Jan 21 2013
I just noticed that the VA VistA Electronic Health Record System was named as one of The 10 oldest, significant open-source programs in the company of Linux, Python, Perl, and other software. Back in the early days of VistA, the term “Open Source” didn’t exist – we called it “public domain.”
What makes VistA unique in this list is that it is more than just code, it is a longitudinal data base extending back over 30 years across 172 hospitals and millions of patients. This is an irreplaceable resource – VistA has petabytes of information about clinical conditions, activities, locations, and demographics from a period when most other hospitals were just dreaming about putting their records online. This information is mapped by a “data dictionary” – a “road map” to the data base that defines the semantics (what it means) of the data, not just the syntax (how it is formatted). It is also structured around a network model of information (the connectors between the dots), rather than just a hierarchical model (think of how the Dewey Decimal System tries to form a hierarchy of the books in a library).
This data is not complete, perfectly formatted, nor coordinated with precision. Clinical data is not research-grade clinical trials data, and the patient population is that of (mostly male) veterans. But it is a treasure trove of information, waiting for future data mining. And what we consider “junk” information today (say, appointment schedules from 30 years ago), may hold great value in future research (say, how epidemics spread).
I hope the VA has the wisdom to retain this information in its original form.
At the 2012 OSEHRA summit meeting, I happened to be on a panel with medical researcher Leonard D’Avolio who commented on how easy it was to extract research data from VistA. It was quite a touching moment for me, to have helped set in motion something that captured data that would be available 33 years later.
To quote my friend Doc Searls: “When young you think life is a sprint. When older you see it’s a marathon. And when mature you see it’s a relay race.”
The question, just who are we handing off the baton to? Is the medical information we’re dealing with today going to be available 33 years from now?
I see a number of necessary conditions for this to happen:
1. We need a curator. Some organization needs to take on the role of “librarian” to maintain the archives. The VA is a likely candidate for this, but even so, I think they might need a bit of prodding to keep them focused on their responsibility. And maybe if Chuck Hagel (one of the Fathers of VistA) is confirmed as Secretary of Defense, he’ll recall his roots as one of the fathers of VistA and bring DoD medical information along, as well. Roger Baker, Assistant Secretary for Information and Technology for the Department of Veterans Affairs, is moving things along so well that he earned a VIP membership card in the Underground Railroad.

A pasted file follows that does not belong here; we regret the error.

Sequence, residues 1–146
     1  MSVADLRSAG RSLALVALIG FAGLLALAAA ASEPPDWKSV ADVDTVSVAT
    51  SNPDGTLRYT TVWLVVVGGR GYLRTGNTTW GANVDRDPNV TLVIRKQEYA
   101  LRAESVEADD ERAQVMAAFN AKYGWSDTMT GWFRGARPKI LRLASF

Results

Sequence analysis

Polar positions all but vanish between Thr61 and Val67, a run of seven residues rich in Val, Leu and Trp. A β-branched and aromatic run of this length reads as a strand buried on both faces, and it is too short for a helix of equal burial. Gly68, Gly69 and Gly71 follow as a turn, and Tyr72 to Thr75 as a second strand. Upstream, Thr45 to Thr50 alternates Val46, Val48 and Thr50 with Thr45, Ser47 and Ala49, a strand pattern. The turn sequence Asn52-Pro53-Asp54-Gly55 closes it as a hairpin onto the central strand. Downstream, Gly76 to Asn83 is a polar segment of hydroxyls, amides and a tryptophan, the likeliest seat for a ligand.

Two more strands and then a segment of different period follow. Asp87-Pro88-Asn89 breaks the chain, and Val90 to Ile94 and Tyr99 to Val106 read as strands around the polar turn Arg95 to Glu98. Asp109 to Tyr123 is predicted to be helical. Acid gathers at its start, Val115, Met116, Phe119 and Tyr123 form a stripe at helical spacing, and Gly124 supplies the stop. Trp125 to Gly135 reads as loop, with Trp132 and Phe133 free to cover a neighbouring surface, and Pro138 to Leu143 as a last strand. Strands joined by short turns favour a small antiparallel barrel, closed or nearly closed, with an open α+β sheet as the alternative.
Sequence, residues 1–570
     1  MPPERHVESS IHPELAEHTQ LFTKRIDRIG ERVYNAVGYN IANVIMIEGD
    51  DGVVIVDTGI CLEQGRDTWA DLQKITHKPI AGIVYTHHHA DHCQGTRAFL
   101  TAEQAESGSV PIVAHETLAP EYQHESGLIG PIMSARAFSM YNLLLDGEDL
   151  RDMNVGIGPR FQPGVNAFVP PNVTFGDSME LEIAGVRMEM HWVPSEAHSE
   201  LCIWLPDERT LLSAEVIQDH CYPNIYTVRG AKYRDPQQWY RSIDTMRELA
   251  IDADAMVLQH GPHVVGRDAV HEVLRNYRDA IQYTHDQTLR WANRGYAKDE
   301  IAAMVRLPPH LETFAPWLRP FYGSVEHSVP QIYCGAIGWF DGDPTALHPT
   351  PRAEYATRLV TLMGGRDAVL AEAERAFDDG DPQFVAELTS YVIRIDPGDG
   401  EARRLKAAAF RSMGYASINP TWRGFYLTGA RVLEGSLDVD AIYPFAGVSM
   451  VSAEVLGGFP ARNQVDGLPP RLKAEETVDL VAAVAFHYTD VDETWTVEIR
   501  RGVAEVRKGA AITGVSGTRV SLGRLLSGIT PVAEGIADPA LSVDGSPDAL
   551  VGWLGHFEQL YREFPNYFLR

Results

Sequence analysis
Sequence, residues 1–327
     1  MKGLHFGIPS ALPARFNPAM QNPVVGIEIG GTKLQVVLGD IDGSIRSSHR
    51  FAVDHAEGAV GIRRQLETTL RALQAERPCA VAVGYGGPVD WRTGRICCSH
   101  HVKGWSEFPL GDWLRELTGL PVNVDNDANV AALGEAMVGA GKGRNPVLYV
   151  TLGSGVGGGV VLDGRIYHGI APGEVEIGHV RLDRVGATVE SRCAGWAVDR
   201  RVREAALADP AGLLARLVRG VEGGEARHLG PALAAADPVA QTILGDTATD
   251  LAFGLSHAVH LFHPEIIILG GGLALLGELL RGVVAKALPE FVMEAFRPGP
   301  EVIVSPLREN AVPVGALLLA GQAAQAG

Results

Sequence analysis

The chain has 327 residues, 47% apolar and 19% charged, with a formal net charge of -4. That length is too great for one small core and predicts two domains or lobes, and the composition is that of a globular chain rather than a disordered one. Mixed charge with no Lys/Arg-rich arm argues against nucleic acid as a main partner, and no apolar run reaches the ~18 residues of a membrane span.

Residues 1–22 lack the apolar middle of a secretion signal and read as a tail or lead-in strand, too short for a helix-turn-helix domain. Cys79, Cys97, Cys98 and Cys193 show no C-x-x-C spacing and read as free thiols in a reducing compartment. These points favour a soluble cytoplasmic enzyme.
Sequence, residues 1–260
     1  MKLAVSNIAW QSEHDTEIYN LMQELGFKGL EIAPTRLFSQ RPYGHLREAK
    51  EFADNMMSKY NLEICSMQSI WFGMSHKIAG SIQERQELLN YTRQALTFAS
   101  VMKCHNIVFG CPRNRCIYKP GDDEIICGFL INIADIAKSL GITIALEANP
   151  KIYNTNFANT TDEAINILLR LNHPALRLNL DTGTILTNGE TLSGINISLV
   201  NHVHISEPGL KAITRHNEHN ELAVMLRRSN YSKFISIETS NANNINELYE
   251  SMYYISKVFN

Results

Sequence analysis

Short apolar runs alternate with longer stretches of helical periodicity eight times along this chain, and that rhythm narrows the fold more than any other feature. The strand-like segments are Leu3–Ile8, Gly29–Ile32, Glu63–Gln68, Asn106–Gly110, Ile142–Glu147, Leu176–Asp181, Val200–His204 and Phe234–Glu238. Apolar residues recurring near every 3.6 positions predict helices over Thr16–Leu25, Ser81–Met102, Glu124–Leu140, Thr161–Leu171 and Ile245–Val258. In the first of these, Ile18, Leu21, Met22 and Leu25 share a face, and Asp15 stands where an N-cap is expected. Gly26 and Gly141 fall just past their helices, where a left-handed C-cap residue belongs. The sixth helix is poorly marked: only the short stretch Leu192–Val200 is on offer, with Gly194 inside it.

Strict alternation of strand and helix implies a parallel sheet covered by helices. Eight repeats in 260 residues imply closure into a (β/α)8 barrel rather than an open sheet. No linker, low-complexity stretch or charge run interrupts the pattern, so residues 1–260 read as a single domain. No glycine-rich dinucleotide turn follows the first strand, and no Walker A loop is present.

2. We need to manage the data at a “meta” level. The VistA Data Dictionary is being updated to more modern semantic web concepts, for example through Conor Dowling’s Semantic VistA. The PCAST report called for greater use of Metadata, apparently unaware that they were recommending an approach already used by VistA for 1/3 century, which they cited as a case study in a successful large-scale system. This is a bit like Monsieur Jourdain in Moliere’s play Bourgeois Gentleman, who suddenly realized that he had been speaking prose all his life, but didn’t know it.
3. We need to continue the tradition of Open Source. There is some movement in this direction with the OSEHRA effort, but it’s funding is but a tiny fraction of what it needs to be.
4. We need to fund the effort. Some folks think that Open Source means “free labor” – that the VA can just declare VistA to be an open source system and programmers will flock to it, offering volunteer time to do the VA’s bidding. This isn’t going to work. VA needs to fund these efforts, and release the work as open source.
5. We need to think of what we are building as an “information space” rather than just an “integrated electronic health record.” If someone said that they were going to improve our legal system by systematically storing and arranging lawyer’s documents, most of us would be a little skeptical. But there is a huge chasm between our goal of improving our health care and the current task of automating the medical record. As we’ve seen with Twitter, Facebook, Google, Linked In, and Wikipedia, there are huge benefits to focusing on “connecting the dots” in large scale systems, rather than just focusing on specific dots. Here’s a webinar I gave at Kitware, a leading open-source company.
All in all, though, it’s pretty cool to see VistA placed in this company.
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